Recently a good friend of mine, who is an atheist, who seems convinced of total depravity, sent me a Joe Rogan Experience podcast episode (Parental Guidance recommended) where his guest, a world-renowned physicist makes some astonishing claims. Professor Brian Cox is an English physicist and Professor of Particle Physics in the School of Physics and Astronomy at the University of Manchester in the UK.
Among many of the claims Professor Cox makes in the podcast episode, my friend asked me to comment on the segment where he said that since we are all there is in the universe, all meaning the in universe centers around humans. He claims we ought to locate the miracle in the here and now. This is the miracle. We are living it right now.
Here are a few comments in response to this idea put forward by Professor Cox:
Without knowing what the purpose of a typewriter is, we cannot determine its worth or excellence. Similarly, we cannot realize human excellence if we don't have a grasp of human purpose. Apart from this, we end up with only practical and emotional outcomes. Modernity has in many ways, stripped us of a telos, or our search for an ultimate end. But without an external, objective source of meaning and purpose, we are left with only being informed and driven by subjective feelings.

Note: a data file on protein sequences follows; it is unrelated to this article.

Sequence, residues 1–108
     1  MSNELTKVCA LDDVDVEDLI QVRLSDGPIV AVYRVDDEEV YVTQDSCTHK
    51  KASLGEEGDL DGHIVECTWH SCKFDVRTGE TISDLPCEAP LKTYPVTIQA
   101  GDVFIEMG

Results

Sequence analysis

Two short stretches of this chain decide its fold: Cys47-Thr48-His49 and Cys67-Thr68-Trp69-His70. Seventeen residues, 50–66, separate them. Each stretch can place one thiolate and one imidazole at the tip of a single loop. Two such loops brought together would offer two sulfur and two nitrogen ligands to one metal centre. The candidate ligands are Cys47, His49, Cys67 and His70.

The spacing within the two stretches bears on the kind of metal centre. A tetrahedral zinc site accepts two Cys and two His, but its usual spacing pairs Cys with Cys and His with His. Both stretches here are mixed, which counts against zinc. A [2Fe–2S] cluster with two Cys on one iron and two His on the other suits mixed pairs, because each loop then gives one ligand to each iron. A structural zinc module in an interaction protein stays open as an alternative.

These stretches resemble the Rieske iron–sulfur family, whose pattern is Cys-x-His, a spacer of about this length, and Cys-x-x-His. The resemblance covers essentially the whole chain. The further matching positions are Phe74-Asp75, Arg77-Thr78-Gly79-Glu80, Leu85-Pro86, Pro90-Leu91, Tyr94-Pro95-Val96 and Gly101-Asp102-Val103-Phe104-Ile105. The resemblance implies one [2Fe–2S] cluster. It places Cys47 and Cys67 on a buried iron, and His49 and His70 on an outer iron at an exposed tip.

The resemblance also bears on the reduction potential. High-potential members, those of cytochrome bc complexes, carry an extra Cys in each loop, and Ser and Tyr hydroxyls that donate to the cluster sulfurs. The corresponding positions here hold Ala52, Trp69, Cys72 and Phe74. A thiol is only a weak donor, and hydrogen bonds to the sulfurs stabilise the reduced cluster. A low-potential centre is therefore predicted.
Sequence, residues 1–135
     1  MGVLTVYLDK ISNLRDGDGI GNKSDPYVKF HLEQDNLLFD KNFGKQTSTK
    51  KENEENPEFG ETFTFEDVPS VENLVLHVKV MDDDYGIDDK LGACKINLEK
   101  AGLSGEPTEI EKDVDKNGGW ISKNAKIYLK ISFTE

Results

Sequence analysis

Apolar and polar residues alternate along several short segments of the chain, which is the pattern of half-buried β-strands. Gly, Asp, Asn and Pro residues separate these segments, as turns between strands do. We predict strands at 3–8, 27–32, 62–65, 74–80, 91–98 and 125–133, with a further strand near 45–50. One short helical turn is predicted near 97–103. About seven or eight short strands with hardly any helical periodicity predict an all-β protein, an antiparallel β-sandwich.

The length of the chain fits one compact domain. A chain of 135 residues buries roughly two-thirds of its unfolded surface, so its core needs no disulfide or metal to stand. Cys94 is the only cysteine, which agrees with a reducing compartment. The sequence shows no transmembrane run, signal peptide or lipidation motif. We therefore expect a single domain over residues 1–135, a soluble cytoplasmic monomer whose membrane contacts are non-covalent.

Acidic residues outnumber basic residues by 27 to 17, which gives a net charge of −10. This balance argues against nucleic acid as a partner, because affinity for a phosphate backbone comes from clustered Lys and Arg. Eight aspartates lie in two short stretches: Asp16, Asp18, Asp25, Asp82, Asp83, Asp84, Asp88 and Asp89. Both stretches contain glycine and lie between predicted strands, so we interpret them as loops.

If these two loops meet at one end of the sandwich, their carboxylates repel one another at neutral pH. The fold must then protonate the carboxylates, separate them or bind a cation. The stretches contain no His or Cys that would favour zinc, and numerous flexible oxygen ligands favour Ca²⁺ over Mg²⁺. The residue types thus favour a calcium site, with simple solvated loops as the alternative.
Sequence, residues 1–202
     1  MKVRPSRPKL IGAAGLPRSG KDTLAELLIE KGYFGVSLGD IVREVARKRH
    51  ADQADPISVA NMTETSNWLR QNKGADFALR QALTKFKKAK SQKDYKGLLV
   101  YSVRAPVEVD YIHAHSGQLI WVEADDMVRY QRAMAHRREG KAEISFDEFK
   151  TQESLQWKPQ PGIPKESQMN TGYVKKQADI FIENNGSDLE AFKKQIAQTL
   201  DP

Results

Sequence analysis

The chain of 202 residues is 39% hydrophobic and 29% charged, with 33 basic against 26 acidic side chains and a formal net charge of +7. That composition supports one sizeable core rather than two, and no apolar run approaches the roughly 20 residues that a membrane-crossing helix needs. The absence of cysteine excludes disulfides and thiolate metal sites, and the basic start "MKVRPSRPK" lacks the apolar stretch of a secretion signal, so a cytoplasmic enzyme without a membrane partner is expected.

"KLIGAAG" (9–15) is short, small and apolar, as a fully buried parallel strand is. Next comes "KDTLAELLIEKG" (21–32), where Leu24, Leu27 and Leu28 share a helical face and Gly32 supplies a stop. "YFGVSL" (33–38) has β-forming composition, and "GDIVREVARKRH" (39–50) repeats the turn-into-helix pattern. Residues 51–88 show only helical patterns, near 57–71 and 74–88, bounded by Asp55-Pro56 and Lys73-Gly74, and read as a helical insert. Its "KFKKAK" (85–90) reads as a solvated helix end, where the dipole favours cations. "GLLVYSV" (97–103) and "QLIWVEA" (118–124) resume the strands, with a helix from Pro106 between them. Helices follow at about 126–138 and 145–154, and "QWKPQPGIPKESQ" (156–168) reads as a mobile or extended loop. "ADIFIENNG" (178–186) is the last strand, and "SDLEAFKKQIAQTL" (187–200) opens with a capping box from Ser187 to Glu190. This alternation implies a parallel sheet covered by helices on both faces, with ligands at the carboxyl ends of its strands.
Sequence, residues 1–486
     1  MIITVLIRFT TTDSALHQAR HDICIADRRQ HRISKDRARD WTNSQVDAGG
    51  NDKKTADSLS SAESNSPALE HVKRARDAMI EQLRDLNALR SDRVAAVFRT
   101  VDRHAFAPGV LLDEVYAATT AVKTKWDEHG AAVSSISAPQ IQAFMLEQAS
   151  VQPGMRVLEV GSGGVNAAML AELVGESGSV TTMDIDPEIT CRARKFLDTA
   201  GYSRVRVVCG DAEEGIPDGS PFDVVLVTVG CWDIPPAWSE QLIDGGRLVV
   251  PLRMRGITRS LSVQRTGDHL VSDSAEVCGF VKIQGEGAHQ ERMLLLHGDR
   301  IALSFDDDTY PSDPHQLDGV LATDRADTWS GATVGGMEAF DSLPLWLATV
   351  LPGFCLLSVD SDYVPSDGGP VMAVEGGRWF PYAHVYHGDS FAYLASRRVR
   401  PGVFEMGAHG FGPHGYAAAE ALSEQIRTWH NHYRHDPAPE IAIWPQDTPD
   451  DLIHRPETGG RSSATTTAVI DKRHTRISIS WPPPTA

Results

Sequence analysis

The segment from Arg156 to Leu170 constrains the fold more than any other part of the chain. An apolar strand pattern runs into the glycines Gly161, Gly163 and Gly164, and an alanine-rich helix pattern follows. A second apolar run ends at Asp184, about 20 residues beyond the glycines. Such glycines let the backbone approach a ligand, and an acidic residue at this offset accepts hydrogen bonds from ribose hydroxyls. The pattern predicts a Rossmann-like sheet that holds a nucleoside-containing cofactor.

I would argue that people flourish the most, not when they invent their own meaning and value, but when they tap into their value and meaning as God’s image-bearers.
There has never been a time when so much sound biblical teaching has been available at the fingertips of the ordinary person. And, thank the Lord, much of it is free. On the other hand, there has never been a time when such a vast amount of poor and heretical theology has been available to the same people. So much that I cannot keep up with it all.
Many of our brothers and sisters are held captive by bad or inconsistent theology... theology that will not be able to bear the weight of the onslaught of ideologies and plausible arguments being waged against the Church. We should not behave angrily as if this was entirely their fault. It seems plausible to many Christians because that is all they have ever known. So we must patiently, with gentleness and respect pluck them from the fire by openly declaring the whole counsel of God. Is it sad that one of the greatest mission fields is the visible church itself and it grieves me to see it, but we must press on and simply carry out our role to proclaim the word of God, and let Him determine the results. So do not grow weary. He is sovereign and will take your faithful work and make it fruitful.
by Dr. Thaddeus Williams
If I were the devil—which some of you may believe after reading on—if my sworn mission was to devour the Christian faith from the inside out, then here is what I would NOT do. I would not slither into a Sunday service, breathing blasphemy and dragon fire, bragging about my triumphs at Auschwitz, commanding the congregation, “Deny that God is God!” I would not be an idiot.